(Excerpted from The Ministry of Foreign Languages Review):
When did you begin to write? Did the olfactorory bulbectemy have any impact on the way you write?
After the Washington Mall massacre, I decided to stay in the E.A.R. but was befuddled beyond all comprehension as to how to make a living. By that time there were no jobs related to English, but for every one fast food or garbage collector job there where thousands of asylum seekers, most of whom had already undergone the procedures.
I had made a journal of the last days before losing my sense of smell and taste. When the Inspector-General declared war on smell I knew that I must record the history of all smells, both fragrant and malodorous. Cataloging with exactitude the innumerable odors that have dictated my life was the greatest writing I have ever written.
At the time, vanquishing smell was the most sensible and expeditious policy for developing the post-scarcity economy. The Inspector-General said that we must purge the past, it being essential for the country to rapidly modernize and take its rightful place in the future Post-Scarcity Paradise. Washington Mall was all still fresh on the mind so his reasoning was quite sound. A troop of White Coats stood behind him, green lighting the validity of this volcanic noise, declaring studies have shown, etcetera, etcetera.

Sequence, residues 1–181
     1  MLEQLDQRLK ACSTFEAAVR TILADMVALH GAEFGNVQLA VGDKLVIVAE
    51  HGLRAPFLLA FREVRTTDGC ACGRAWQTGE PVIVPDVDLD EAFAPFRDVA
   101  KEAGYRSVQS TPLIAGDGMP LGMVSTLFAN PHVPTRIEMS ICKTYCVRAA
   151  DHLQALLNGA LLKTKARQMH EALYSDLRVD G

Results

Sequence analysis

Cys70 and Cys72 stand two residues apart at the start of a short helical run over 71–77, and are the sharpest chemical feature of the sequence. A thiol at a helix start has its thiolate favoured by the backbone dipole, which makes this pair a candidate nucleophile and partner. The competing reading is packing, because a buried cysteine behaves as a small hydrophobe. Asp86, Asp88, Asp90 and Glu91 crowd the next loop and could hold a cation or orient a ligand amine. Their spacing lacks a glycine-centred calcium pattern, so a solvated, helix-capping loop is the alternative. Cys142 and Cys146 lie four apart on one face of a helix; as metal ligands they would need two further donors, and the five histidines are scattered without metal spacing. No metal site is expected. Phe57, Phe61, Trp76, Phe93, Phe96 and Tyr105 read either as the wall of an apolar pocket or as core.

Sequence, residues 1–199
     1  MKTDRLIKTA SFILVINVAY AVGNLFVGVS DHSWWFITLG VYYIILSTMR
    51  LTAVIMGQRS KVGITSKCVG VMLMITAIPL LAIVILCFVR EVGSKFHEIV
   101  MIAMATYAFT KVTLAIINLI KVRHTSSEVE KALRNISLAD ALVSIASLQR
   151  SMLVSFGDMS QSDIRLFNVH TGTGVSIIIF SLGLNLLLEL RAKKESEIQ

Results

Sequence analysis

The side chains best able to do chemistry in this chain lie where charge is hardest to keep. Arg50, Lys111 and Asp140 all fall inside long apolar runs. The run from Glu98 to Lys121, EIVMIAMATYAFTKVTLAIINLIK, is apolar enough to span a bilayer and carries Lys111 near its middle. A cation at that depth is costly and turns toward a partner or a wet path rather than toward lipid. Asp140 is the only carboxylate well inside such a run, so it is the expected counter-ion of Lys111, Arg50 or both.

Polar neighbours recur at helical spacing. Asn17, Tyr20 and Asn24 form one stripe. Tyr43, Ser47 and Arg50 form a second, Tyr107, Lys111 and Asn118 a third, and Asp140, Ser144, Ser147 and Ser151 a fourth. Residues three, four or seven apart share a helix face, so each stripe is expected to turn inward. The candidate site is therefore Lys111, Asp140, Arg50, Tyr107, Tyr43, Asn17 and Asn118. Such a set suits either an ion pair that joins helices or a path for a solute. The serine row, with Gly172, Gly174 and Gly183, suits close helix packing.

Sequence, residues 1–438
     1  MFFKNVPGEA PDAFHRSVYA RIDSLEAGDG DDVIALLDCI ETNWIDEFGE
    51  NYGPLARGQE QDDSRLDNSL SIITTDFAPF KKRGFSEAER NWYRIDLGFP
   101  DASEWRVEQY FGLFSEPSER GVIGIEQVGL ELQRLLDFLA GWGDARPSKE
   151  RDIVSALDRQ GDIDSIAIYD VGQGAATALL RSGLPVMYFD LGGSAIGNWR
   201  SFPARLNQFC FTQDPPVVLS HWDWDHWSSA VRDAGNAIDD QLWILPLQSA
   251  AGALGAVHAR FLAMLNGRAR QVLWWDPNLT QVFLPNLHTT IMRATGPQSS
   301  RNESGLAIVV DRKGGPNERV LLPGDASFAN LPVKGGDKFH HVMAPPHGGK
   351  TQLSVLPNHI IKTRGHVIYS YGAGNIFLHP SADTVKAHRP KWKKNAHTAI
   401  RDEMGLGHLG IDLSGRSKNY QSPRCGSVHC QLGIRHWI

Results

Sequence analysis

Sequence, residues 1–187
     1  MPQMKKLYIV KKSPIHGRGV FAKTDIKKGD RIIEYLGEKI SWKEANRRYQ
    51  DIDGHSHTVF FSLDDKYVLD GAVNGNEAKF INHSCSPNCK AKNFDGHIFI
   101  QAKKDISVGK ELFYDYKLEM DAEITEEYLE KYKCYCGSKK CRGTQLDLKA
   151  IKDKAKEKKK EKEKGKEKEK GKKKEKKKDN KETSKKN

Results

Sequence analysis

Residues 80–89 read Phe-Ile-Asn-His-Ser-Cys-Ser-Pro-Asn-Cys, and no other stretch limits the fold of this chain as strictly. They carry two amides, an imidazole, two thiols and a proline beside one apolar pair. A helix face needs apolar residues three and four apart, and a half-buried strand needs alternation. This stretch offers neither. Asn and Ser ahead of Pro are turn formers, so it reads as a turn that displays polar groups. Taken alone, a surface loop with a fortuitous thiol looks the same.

So I wanted to write about the smells in my life, and I was fortunate to have some time to do this before it was my turn to report to the Center for Nostalgia Control.
Do you still have this memoir of yours?
Thank goodness, no. Fortunately, it was confiscated before I entered the country. You can see for yourself in my files.
In An Unchimerical History of Olfactorial Authority, Yu, an aspiring aromochalogist, struggles to adapt to a country inhospitable to the pleasures of the freed imagination. Is the novel the story of what would have happened to you if you hadnâ€™t become a writer employed at the Ministry of Foreign Languages?
Not exactly. I had been reading Borges at the time, so I wanted to craft a story containing much of my own pain blended with his labyrinthine style, but I canâ€™t say itâ€™s autobiographical as so much wishful thinking. Intellectually, I can identify with Yu and even the narratorâ€™s sense of cognitive dissonance, but really, I had a different story, one quite devoid of all that unpleasant business concerning fragrant erotica and gustatory conflagrations.